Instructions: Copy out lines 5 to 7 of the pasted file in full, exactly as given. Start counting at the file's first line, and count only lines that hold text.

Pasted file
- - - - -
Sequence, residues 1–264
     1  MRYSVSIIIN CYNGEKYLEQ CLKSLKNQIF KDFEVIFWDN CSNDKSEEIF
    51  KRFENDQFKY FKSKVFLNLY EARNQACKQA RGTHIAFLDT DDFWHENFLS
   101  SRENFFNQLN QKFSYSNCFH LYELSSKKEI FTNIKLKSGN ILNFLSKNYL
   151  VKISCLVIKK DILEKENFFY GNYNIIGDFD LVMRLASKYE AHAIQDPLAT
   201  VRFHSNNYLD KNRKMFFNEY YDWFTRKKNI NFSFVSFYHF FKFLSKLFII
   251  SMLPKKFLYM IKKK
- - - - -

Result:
   151  VKISCLVIKK DILEKENFFY GNYNIIGDFD LVMRLASKYE AHAIQDPLAT
   201  VRFHSNNYLD KNRKMFFNEY YDWFTRKKNI NFSFVSFYHF FKFLSKLFII
   251  SMLPKKFLYM IKKK